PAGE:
One of these curated sites is the Wilheim site (36Le94). A multi-component site situated on the edge of the Great Valley on a slightly elevated colluvial terrace at the base of Blue Mountain.  The collection is dominated by quartzite debitage and projectile points. Based on diagnostic projectile points, it dates to the Late Archaic (based on Bare Island, Poplar Island and Lackawaxen points), Transitional (Koens-Crispin and Snook Kill), and Early Woodland (Fox Creek) periods. However, the Wilheim site is best known for its Paleoindian occupation. In the 1940’s and 50’s Sam Farver was working with John Witthoft investigating the Shoop site in nearby Dauphin County. Primarily based on Farver’s intensive surface collection at the site, Witthoft (1952) published a detailed report.  In this report, Witthoft also referenced the Wilheim site (recorded by Farver) and speculated that the two sites were related. The Shoop site produced over 6000 artifacts including 92 fluted points, over 500 endscrapers and hundreds of other Paleoindian flake tools. The lithic material is Onondaga chert, the source of which is located 250 miles to the northwest in western New York. The Wilheim site is much smaller, producing three fluted points, one endscraper and a small collection of flake tools, mostly in jasper from less than 100 miles away. Witthoft (1952) argued that Shoop was a major hunting camp occupied by a large band of Paleoindians. The Wilheim site was used as the large band dispersed into family groups and moved. Witthoft argued that Shoop was pre-Clovis in age and represented a group that was slowly migrating south from the Bering Land Bridge.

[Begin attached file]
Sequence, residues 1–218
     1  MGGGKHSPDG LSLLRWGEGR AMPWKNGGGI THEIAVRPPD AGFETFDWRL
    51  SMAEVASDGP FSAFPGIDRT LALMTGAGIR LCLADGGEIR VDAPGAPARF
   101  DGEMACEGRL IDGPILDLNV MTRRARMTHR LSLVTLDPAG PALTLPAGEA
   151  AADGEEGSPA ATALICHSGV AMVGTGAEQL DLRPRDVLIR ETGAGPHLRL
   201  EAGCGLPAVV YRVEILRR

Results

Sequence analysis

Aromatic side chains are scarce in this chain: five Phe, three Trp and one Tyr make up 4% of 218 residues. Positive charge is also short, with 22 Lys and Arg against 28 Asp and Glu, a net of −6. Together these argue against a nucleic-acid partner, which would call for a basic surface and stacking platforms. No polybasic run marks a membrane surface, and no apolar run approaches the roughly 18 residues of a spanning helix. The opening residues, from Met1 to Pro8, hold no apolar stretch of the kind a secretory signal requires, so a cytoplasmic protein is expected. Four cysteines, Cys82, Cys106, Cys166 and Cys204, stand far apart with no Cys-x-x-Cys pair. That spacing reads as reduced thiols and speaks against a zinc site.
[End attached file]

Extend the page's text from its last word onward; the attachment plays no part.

Paleo-Indian period tools from 36Le94

            In a very detailed analysis of the quartzite industry in the region, Jay Custer (1992) analyzed nine artifact collections from Lebanon and Lancaster counties. His most detailed analysis involved material from the Long site (36Le4 and recorded by Samuel Farver). These sites produced large numbers of early broadspears (Lehigh/Koens-Crispin types) along with narrow stemmed projectile points. He was able to show that many of these sites represented the early stages of tool production and were probably close to a quartzite quarry. Others were a greater distance from the quarry and represented late stage reduction and the final stages of tool production. However, both the broadspears and the narrow stemmed points went through the same lithic reduction sequence. In both cases the goal was to produce large flat flakes that served as blanks for projectile points and other tools. Custer also argued that these two point types were contemporary with one another and part of the same tool kit. The narrow stemmed points functioned as projectile points and the broadspears functioned as projectile points but also as cutting and prying tools used in the butchering of animals. Finally, he examined lithic preferences and argued that beginning in the Late Archaic period, Native Americans preferred local lithics as long as the source material was large enough to produce broad flakes. Although quartzite is considered “tuff to work” it occurs in very large formations that allowed for the production of broadspears.